Just A Pretty Face

Just A Pretty Face
by Wendy Darling (Wiebke)

Story Notes

This story was written as part of a round-robin several years ago. The concept was that there was a har named Alessi circulating a blank book around Fallsend so different hara could write out their life stories and/or spill their darkest secrets into it. The project lost steam but my two segments form a complete story, so I thought I’d might as well share it. I forgot to post it to my own fanfic site.

Summary: A har at rock bottom, given up on life after abuse by Varrs, is selling his body in Fallsend when a chance encounter changes everything.

Characters: Original Characters

Ratings & Warnings: R, for adult harrish content; angst; mention of physical, sexual abuse.

Spoilers: Fulfilments… but before Cal reached Immanion and Fallsend presumedly became a nicer place.

Note: I don’t know if the kind of procedure mentioned in this story is anatomically possible, but that was what I was thinking at the time. Just suspend your disbelief 🙂

Author email: wdarling@abraxis.com

Web site: http://www.metrogirl.com/procreation/

Part 1

I have a pretty face but a pretty face can’t get you everything you want, especially if that’s all you have. Don’t think I’m saying I’m stupid, some empty-headed bauble. I’m not. I’m saying I have a pretty face. And that’s all. Everything else has been taken from me.

Originally I come from the Froia tribe, though that life is far behind me, locked in a room far away in a place I will never find again. I exist now and dreams alone are all that can really bring me back. I could never make it there now and even if I could, I wouldn’t want to. I couldn’t face it. Not anymore.

Because I am Froia and people know that, they do not question my long robes with their long sleeves and hem down to my feet. They don’t question the gloves I wear on my hands or my high collar. To them I am only a strange shy creature, beaten down like many of here in Fallsend.

Other hara do not ask me questions, just as I ask none of them. Although it is painful for me that they do not know the truth, I know in my heart that the truth would be even worse.

I don’t want to face the truth, but in this book, writing for Allessi, I will do it. I am not speaking to any particular har, but to all hara, and it makes me think that for one moment I can drop away my robes and show myself for what I am – a pretty face and something more, or nothing more, depending.

If I lifted up the hem of my robe you would see it on my legs. If I pulled up my sleeves you would see it. If I untied my belt you would see it on my chest, my back, every part of me, except my face, such a pretty face.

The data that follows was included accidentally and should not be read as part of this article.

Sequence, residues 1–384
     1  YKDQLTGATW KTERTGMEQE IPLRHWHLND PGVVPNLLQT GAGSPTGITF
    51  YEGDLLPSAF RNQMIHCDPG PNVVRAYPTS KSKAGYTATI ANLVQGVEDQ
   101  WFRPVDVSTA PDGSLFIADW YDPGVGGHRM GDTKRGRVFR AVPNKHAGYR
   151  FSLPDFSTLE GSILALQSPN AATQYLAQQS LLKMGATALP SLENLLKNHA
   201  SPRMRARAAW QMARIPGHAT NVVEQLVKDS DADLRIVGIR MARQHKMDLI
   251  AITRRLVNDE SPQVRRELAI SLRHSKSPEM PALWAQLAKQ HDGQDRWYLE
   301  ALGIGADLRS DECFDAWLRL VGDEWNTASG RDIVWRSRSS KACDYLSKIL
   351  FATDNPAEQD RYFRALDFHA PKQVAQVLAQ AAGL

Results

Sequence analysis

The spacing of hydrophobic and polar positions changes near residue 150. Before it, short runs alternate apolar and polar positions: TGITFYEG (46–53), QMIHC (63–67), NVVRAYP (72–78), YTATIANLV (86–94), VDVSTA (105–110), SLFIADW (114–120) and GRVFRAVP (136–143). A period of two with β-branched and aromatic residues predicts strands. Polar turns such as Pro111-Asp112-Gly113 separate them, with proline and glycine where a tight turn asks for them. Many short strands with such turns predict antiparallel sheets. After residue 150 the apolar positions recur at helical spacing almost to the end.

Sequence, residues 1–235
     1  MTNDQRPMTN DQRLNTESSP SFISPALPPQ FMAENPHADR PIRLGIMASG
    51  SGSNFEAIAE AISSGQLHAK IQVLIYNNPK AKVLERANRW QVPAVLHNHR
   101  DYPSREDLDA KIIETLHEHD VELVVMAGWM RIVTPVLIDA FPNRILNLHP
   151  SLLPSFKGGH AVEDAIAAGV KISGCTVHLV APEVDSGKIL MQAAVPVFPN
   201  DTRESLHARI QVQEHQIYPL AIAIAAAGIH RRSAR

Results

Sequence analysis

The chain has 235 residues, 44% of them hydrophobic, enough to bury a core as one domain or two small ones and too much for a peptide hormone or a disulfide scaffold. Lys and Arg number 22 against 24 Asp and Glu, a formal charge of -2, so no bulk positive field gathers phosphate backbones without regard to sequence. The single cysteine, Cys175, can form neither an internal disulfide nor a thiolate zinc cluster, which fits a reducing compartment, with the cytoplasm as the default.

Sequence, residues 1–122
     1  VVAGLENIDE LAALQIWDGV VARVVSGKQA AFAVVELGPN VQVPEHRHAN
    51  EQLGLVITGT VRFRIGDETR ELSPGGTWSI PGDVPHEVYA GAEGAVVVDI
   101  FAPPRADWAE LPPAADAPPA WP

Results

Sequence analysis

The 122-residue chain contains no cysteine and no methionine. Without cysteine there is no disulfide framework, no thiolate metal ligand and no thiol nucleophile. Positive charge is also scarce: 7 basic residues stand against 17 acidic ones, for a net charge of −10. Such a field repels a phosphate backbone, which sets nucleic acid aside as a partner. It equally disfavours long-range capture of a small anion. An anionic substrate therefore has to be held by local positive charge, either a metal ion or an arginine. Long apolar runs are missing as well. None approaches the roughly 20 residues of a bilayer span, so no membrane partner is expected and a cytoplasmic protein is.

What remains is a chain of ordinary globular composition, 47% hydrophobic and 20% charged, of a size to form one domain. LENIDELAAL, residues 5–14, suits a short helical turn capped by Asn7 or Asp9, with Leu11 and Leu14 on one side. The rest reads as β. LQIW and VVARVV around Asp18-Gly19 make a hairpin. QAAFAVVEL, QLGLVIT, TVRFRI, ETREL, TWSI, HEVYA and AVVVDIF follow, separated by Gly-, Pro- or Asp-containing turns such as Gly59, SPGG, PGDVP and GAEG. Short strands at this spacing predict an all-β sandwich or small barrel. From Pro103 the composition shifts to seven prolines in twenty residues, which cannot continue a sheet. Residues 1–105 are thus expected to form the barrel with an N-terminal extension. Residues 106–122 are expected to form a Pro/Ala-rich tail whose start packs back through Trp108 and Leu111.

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by Wendy Darling (Wiebke)

Story Notes

1st out of 5 segments in the Rescued Lives series (Deliverance, Obstacle Course, Ripening Fruit, That Was Then, This is Now, Generation Gap.

In this, the opening story in Rescued Lives, we’re introduced to a Dera, har in need of rescue. Dera not only gets rescue, he gets a whole new start on life, and gives a whole new life as well.

All original characters (main characters Dera, Fafa, Arafa), with concepts, vocabulary, etc., borrowed from Storm Constantine.

No spoilers for any specific book in the Wraeththu trilogy, but it is imagined that this entire storyline takes place after the Ascension. There are still original incepted hara, but Wraeththu civilization has stablized.

Chapter 1


A hand upon my sweat-drenched forehead, fingers brushing through my tangled hair, rousing me into consciousness, and it was the first thought on my mind.


I must have murmured the word aloud. My throat and lips were so dry it was a wonder anyone understood me, but someone must have, because a moment later I felt the cold of glass pressed against my mouth.

“How long do you think he’s been out here?” I heard someone ask. The voice was far away. My eyes were closed. I could not see the speaker.

I felt the water trickle over my tongue and I wanted it so desperately. Yet when I tried to swallow I nearly choked. It had been days since anything liquid or solid had passed down my throat.

“Careful!” a voice exhorted. It could have been the same voice or before or it could have been a different one.

“Here, this is a better way!” I heard, and then a long tube was gently pushed back until the water flowed directly down and all I could do was swallow.

I had never nursed from a human mother. I had never been a human. I was a pure-born har. Still, I think I knew then what it must be like for human infants, sucking at sustenance as if their lives depend on it. At that moment, water meant life.


I swallowed down as much as they gave me.

Meanwhile I felt hands touching me, my faraway body, examining me. There were murmured comments, indistinct as the sound of swallowing filled my ears.

By the time the water stopped flowing, the tube removed, I was able to understand the voice more clearly.

“Look at his face, the way it’s burned,” one said. “He must have been out here in the sun for days.”

“The salt on his cheek,” another said, running a finger under my eye. “He must have been crying.”

“Yes, yes,” the first voice returned. “Of course he was crying. Wouldn’t you have cried?”

I suddenly felt it. Time to face up. I opened my eyes.

Slowly the world came into focus. The hideously blue sky of midday, the scorched red earth. And two hara, crouched down and staring at me worriedly.

“You’re awake!” the light-haired one exclaimed.

I was too weak to answer. I barely managed a nod.

“How do you feel?” asked the other. He had black hair and green eyes. From the way his hand now rested on my neck, I knew he was the one who had touched my tears.